Re: two nasty schemata, union types and surrogate keys
Date: Mon, 21 Sep 2009 11:42:39 -0700 (PDT)
On Sep 21, 10:27 am, Roy Hann <specia..._at_processed.almost.meat> wrote:
> Brian wrote:
> > On Sep 21, 3:41 am, Roy Hann <specia..._at_processed.almost.meat> wrote:
> >> Brian wrote:
> >> > Databases don't record objects: they record facts [...].
> >> Admirably close, but not quite cigar-worthy. Databases record
> >> *assertions* of fact. The assertsions may be sincere and truthful, or
> >> sincere but false, or deceitful and false.
> > Whatever. What is in the database is supposed to be true.
> Says who?
Everyone who advocates the closed world assumption.
> It doesn't need to be true, and it can't be guaranteed to be
> true, so it is wise to remember that what's in the database is just
> claims and assertions. It is completely sufficient that the database is
> >> As I have said before, it
> >> is useful to think of the content of a database as being like the
> >> testimony in a court case.
> > I don't think that's very useful at all. The content of a database
> > isn't necessarily tagged with who said it and when they said it, but a
> > deliberating jury knows who said what when and can therefore weigh
> > each statement accordingly. Without a record of who said what when,
> > it is best to suppose that what is in the database is true.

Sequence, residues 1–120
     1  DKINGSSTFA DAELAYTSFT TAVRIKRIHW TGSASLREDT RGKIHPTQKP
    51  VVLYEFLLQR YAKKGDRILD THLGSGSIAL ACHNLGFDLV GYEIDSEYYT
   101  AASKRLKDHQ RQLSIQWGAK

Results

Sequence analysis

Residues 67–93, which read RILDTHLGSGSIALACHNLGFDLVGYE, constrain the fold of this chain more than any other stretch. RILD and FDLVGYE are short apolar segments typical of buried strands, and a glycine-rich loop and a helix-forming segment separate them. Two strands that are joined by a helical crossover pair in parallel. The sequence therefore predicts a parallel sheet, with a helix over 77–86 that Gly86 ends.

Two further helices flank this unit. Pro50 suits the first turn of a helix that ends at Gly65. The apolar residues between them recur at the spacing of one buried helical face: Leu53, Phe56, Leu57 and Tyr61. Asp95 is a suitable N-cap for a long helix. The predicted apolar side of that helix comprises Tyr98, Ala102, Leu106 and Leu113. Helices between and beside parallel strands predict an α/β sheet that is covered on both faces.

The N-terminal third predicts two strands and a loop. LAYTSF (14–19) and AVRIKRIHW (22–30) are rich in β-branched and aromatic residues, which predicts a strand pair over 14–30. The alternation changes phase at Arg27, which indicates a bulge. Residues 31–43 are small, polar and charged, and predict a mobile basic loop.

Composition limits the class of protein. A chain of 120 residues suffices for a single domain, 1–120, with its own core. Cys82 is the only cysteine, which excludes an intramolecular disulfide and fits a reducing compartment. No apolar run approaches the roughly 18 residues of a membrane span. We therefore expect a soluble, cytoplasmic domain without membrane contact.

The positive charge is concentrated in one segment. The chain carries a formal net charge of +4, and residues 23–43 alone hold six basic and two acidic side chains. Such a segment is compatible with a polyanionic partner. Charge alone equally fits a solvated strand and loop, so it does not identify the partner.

> You want to assume the database is true and I want not to spend time
> fretting whether it is or it isn't. How would you manipulate the data
> differently from me because you know it is "true"?
I don't know that what is in the database is true: I suppose that it is true. Under the closed world assumption what is not in the database is supposed to be false. As a consequence, many more conclusions can be drawn from the same data. For example, if there isn't a row in an employee table for Bob Smith, then under the closed world assumption we can infer that Bob Smith isn't an employee, but without the closed world assumption, that inference wouldn't be valid.
> If you did need to know it is true, then you would need to guarantee it
> is. That would lead you into trying to design all kinds of clever ways
> to give that guarantee. Which will fail. I've been involved in two
> criminal justice projects that tried; both were train-wrecks.
Received on Mon Sep 21 2009 - 20:42:39 CEST